The Bible includes any number of "tyrannical texts" that have proved to be profoundly oppressive in the lives of many people. Among them are Pauline texts that have circumscribed the lives and ministries of women throughout Christian history. What are people who honor Scripture to do with such texts, and what does it mean to speak of biblical authority in their presence? In Encountering God in Tyrannical Texts, Frances Taylor Gench provides strategies for engaging such texts with integrity—that is, without dismissing them, whitewashing them, or acquiescing to them—and as potential sources of edification for the church. Gench also facilitates reflection on the nature and authority of Scripture.
Encountering God in Tyrannical Texts provides access to feminist scholarship that can inform preaching and teaching of problematic Pauline texts and encourages public engagement with them.
"Frances Taylor Gench tackles Paul's thorniest texts about women with trenchant criticism, in the best sense of the word. Steering a judicious course between blatant dismissal and blind acceptance, she honestly and respectfully assesses both the harmful and helpful dimensions of these passages for the body of Christ in Paul's day and ours. As useful as this book is, however, for understanding a set of controversial Pauline texts, it is even more valuable as a sterling model of biblical interpretation—of how to wrestle with God's word with full integrity. Written in an engaging personal style (this stuff really matters to Gench!) intertwined with first-class scholarly analysis, this work provides an ideal resource for seminary, university, and parish study. A must-read for men as well as women, guaranteed to stimulate much lively learning and discussion."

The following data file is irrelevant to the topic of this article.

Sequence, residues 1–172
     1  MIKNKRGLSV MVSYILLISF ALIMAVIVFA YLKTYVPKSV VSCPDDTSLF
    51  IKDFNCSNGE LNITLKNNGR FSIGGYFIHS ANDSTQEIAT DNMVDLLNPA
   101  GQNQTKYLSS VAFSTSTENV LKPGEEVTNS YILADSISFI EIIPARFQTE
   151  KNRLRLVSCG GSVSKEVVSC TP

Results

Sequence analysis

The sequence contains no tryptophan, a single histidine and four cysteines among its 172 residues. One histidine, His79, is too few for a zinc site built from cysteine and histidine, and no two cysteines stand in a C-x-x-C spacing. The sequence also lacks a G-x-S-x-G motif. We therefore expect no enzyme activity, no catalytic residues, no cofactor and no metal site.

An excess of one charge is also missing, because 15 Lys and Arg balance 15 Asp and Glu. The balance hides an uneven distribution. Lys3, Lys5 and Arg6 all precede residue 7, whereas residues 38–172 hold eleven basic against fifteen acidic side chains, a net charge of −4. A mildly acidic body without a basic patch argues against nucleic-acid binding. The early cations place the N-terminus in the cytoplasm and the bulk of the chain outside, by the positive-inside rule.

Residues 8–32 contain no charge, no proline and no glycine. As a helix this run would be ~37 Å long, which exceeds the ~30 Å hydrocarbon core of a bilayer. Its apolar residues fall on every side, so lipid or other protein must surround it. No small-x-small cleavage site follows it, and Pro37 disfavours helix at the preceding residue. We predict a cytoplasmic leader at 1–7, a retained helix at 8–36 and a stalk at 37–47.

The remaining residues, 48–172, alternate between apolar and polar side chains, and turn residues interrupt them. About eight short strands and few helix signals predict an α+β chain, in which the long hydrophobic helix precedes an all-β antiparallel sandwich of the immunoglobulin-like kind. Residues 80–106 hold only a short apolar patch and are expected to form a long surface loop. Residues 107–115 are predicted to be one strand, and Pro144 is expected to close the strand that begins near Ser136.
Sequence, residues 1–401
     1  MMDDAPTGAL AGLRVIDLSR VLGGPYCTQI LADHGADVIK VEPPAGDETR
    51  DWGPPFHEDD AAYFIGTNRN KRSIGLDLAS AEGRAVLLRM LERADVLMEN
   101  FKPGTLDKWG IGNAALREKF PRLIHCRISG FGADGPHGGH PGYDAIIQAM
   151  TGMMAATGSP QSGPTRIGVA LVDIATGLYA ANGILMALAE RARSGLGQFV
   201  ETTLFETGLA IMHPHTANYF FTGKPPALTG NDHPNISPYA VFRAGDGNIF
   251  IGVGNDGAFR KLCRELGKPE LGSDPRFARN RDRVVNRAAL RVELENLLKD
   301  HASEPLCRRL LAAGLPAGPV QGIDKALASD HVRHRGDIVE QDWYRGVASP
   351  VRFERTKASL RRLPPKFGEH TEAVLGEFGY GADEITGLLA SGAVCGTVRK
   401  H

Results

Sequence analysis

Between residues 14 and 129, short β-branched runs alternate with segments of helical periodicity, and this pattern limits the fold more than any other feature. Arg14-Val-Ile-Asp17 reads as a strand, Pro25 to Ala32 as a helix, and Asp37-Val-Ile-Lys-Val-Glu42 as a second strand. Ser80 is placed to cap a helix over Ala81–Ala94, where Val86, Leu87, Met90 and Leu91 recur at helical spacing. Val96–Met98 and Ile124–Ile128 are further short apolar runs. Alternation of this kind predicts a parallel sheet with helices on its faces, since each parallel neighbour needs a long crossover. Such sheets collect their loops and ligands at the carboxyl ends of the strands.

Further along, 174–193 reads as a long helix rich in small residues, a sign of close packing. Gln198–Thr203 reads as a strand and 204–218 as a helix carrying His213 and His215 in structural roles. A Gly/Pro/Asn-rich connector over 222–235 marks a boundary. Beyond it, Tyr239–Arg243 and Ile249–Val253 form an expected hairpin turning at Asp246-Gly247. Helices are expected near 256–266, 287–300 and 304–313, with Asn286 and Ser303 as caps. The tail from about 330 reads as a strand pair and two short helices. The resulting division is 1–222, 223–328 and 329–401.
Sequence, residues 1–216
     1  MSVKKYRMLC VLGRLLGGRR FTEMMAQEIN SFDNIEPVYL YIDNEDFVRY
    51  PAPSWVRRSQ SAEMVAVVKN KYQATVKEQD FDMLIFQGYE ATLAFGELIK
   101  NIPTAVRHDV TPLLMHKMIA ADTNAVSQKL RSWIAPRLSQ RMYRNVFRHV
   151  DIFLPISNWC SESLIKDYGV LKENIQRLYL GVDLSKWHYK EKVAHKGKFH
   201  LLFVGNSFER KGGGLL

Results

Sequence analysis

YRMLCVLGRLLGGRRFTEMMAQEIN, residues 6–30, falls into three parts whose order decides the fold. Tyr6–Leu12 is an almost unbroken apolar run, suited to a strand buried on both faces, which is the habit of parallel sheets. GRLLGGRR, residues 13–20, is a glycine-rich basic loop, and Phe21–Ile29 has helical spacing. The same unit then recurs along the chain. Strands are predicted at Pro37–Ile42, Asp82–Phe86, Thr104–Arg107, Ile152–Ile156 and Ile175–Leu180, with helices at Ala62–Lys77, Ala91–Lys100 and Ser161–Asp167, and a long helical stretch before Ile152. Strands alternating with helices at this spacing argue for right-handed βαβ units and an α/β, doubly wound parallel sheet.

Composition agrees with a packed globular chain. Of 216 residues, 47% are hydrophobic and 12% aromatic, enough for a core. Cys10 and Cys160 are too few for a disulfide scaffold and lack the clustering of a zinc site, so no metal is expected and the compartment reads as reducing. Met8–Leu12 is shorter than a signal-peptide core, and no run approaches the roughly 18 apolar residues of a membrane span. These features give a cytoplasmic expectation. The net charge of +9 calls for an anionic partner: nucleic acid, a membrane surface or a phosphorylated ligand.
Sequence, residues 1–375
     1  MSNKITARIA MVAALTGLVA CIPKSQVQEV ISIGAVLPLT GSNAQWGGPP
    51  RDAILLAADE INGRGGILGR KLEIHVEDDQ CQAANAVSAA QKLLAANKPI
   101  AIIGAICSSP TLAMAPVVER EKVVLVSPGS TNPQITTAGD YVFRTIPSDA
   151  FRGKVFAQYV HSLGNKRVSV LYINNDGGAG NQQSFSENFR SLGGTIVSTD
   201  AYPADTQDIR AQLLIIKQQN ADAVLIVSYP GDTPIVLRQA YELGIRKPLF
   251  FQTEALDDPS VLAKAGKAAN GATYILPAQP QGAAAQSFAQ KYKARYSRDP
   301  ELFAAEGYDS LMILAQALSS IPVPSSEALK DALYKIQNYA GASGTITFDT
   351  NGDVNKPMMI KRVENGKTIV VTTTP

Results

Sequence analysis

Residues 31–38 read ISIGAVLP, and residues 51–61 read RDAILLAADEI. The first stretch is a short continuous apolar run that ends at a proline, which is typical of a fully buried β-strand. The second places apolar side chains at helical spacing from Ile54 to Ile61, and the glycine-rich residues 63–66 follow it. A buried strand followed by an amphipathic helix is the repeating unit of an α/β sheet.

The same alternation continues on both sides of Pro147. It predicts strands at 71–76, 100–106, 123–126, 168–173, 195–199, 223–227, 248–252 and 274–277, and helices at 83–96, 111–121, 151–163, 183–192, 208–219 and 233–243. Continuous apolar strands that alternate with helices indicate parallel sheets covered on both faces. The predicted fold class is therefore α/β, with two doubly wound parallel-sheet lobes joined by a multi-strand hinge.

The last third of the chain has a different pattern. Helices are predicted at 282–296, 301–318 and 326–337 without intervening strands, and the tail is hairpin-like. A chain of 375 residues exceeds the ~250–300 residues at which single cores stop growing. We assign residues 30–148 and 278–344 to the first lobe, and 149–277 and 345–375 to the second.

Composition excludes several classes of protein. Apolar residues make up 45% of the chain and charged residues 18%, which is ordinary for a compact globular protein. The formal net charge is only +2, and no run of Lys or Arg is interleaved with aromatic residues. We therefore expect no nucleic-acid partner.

—F. Scott Spencer, Professor of New Testament and Biblical Interpretation, Baptist Theological Seminary at Richm
"Frances Taylor Gench writes for those for whom Scripture is still a living tradition—or who wish that it could be. A scholar with a deep love for the church, she fearlessly takes on some of the most terrifying texts for women in the letters of Paul and proposes ways to respectfully engage them that do not minimize their dangers nor overlook their insights. I heartily recommend this accessible and engaging book for all who want to take Scripture seriously and are willing to dig deep and wrestle with it. They will not be disappointed."
—Holly Hearon, T. J. and Virginia Liggett Professor Emerita of Christian Traditions, Christian Theological Seminary